pinning this so I don’t lose it & sharing on FB!

    • Rhonda

      Hi Jillian, Thanks for sharing with your Facebook friends. What does “pinning” mean and how do we do that? Good to hear from you!

  2. Heather

    Any ideas on verses to teach kids about RESPECT, especially respect for toys, things, etc? It’s gotta be simple. He’s 2! I’m starting to make a rules chart that says a simple rule and a scripture about why that’s a rule. Throwing toys is a big big struggle right now!

    • Rhonda

      Love the Lord with all your heart, soul, and mind. This is the first commandment. The second is like it: Love your neighbor as yourself.

      Verses on fruits of the spirit are good ones, too, as the problem is US and THE WAY in which WE are behaving and treating things. So, verses on gentleness and love and kindness can apply to OUR behavior in how we treat things (or people) and also verses, like ones with self-control, have to do with US and what we need in order to not have temper tantrums and be demanding of OUR way.

      Bottom line is this when “parenting to the heart”… KEEP looking beneath the actual external evidence of the sin to the ROOT of the sin. Example: your child yells and demands his way. “Stop it” may be want we want to say and may stop the actual behavior (for a time, that is… maybe), but look to WHY he is doing that and any patterns of WHEN he behaves this way… look for the ROOT cause. So, your parenting will be based on the heart/the root … which in this case is most likely SELF-CENTEREDNESS or lack of SELF-CONTROL.. or ANGER issues – which actually means he lacks self-control and has been allowed to display this in ways like screaming, meltdowns, etc. All of these are selfishness. That’s what you deal with .. the self-control (how to handle the situation respectfully NEXT time he’s in a similar situation) – ROLE PLAY this with him.. and also the self-centeredness needs to be dealt with. He’s all about himself- and needs to have respect for others, etc.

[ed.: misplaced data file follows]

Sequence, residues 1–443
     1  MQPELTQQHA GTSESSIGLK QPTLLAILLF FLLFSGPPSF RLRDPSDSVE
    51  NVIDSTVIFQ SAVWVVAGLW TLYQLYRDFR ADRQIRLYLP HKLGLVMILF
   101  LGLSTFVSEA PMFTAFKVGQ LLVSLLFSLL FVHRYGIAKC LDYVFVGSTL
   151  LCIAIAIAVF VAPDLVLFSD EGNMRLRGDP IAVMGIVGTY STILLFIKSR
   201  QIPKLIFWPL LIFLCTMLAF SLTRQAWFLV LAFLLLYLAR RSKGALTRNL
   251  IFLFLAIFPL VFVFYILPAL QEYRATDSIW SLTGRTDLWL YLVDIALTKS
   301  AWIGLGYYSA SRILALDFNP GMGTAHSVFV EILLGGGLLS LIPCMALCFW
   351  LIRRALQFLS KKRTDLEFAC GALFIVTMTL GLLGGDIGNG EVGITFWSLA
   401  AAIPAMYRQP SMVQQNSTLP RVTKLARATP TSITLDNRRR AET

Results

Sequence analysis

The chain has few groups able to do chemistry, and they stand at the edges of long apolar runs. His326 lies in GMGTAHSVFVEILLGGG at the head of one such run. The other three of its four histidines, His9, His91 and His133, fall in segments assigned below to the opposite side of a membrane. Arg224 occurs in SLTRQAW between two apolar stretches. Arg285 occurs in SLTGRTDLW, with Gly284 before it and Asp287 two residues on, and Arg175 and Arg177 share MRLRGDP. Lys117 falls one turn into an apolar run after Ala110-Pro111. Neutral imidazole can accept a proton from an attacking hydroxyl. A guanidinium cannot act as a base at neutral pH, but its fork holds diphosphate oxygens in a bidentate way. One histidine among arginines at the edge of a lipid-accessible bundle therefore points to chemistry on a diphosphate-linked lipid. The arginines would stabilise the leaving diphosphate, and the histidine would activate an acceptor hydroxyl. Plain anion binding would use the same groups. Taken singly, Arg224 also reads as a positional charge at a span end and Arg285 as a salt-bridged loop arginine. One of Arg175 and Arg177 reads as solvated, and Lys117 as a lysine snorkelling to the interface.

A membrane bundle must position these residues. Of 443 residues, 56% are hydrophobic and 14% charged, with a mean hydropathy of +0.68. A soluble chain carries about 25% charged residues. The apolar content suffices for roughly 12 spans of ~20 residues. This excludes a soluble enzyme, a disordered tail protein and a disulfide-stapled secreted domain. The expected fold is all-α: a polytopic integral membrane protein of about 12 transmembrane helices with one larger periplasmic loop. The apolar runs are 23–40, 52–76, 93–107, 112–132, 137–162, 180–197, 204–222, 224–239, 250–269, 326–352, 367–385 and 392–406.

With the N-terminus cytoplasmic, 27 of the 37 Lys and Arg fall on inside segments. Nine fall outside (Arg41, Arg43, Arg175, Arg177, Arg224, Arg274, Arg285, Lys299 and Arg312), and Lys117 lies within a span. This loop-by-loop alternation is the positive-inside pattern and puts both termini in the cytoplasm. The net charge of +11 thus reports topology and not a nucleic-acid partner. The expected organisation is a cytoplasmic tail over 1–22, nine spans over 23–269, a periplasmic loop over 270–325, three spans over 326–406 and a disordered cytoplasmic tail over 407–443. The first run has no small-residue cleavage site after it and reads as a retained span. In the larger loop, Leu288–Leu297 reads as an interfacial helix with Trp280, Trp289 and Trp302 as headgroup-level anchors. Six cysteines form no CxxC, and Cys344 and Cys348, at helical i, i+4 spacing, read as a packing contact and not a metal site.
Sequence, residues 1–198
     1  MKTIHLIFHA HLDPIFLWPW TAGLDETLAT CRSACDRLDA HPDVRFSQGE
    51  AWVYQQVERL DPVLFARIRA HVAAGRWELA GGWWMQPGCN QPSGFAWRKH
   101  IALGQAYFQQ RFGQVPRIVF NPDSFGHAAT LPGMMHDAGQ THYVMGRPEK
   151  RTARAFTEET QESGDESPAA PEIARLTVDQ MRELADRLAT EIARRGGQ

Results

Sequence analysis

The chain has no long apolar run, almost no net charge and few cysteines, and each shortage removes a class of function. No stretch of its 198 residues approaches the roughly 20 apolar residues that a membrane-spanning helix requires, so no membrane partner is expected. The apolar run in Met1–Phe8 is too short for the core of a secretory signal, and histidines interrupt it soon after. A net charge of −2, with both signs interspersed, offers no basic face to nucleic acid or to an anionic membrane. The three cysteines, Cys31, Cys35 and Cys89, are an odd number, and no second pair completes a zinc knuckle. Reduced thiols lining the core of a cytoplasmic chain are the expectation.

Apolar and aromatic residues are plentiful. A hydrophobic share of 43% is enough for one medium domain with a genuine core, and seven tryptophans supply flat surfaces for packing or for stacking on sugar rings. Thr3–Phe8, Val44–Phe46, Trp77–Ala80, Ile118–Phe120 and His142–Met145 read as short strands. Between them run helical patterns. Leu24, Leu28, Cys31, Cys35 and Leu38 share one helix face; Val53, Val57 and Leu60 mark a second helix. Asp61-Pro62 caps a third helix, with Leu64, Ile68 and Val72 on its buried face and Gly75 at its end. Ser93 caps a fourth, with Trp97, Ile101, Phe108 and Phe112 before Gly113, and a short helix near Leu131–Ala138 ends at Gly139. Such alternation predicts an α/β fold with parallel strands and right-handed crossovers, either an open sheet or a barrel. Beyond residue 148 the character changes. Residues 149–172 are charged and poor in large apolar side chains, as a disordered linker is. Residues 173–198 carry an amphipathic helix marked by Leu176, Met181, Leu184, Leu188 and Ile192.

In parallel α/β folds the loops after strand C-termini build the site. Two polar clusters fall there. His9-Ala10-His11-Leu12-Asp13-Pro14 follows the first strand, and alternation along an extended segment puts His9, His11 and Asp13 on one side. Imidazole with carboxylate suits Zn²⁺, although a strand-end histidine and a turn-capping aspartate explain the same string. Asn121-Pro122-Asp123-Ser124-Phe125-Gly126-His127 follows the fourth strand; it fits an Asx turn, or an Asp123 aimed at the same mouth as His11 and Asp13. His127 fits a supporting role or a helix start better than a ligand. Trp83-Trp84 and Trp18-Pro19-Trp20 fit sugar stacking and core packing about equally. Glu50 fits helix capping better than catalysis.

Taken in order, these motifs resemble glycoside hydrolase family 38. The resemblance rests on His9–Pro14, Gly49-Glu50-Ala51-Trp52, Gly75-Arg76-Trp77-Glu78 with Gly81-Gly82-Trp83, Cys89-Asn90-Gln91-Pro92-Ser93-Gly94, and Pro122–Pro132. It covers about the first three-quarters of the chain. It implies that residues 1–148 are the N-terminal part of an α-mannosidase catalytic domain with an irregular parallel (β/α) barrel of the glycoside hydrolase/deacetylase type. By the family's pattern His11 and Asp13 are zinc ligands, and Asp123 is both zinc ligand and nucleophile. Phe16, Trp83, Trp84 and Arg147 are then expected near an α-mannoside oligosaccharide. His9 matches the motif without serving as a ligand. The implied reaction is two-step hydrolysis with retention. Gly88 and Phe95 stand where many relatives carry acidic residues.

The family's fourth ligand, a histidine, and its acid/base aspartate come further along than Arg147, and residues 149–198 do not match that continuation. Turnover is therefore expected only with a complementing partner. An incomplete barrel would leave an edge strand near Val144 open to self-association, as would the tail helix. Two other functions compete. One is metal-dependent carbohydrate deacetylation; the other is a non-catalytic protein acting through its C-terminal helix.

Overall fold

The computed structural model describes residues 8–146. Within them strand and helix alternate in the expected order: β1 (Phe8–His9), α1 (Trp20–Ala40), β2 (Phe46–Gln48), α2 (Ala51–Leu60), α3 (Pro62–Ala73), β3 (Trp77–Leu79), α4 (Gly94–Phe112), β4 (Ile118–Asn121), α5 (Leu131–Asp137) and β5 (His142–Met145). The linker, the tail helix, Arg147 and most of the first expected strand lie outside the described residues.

I know I am not actually talking about your child’s specific situation but I hope this example helps no matter what the actual “sin nature” is and what the “root” cause is. Train to the heart. The external WILL change, but remember

      Man looks at the outward appearance, but GOD looks at the heart.

      Also – there are a LOT of verses in Proverbs about FOOLISHNESS, CHeck those out for some great lessons and role-playing to lay a solid foundation of wisdom for your family. 🙂

      • Rhonda

        uh.. sorry.. that was like a blog post.
        way too long.
        I’ll get better at this. 🙂

  3. I admire you so much and only wish I had known you when Gretchen was in a high chair! It’s never too late to start training to the heart and that’s why I started homeschooling!

    • Rhonda

      Hi Kate, YAY!! Glad you’re training to the heart now!! It applies to kids at alllllll ages (even us as adults), so keep training to Gretchen’s heart too. This will help her in being wise and learning to apply biblical principles to situations in her life.. without thinking of a list of do’s and don’t’s. Love you,, Gretchen.

  4. Jennifer holland

    Amen Sista! And They say “kids don’t come with a manual”! Actually…..they do! Lol. Thank you for this post. We do not have high chair issues….but definitely going to apply this more to “clean up clean up time to clean up”. Sometimes there is some grunting. =). Thanks again!

  5. Mel

    Thank you SO much for sharing! This certainly applies to me in regards to teaching. My kiddos are not to behave accordingly in the hallway so that I’ll look good or so that I’m not embarrassed. Instead, I’ve learned to teach them to be still and quiet in the hallways because it’s respectful to the surrounding classrooms and doesn’t disrupt their environments.

    Thank you for reminding us to teach respect out of pure motives always.

    • Rhonda

      Mel, YOU are ONE fabulous teacher. What a blessing for your students to have YOU – a teacher who invests into their hearts and lives and shows such love!
      ANd one more thing.. Mama Like!!! (thanks for teaching me that phrase.)

  6. jre

    Good reminder to be intentional as a dad and take videos so that our children remember our voices when we are no longer living…..

    • Rhonda

      excellent idea. Check out the blog post tomorrow. This is another great way for the dad to be involved and record his voice and interaction with the kids. Thank you for your comment!!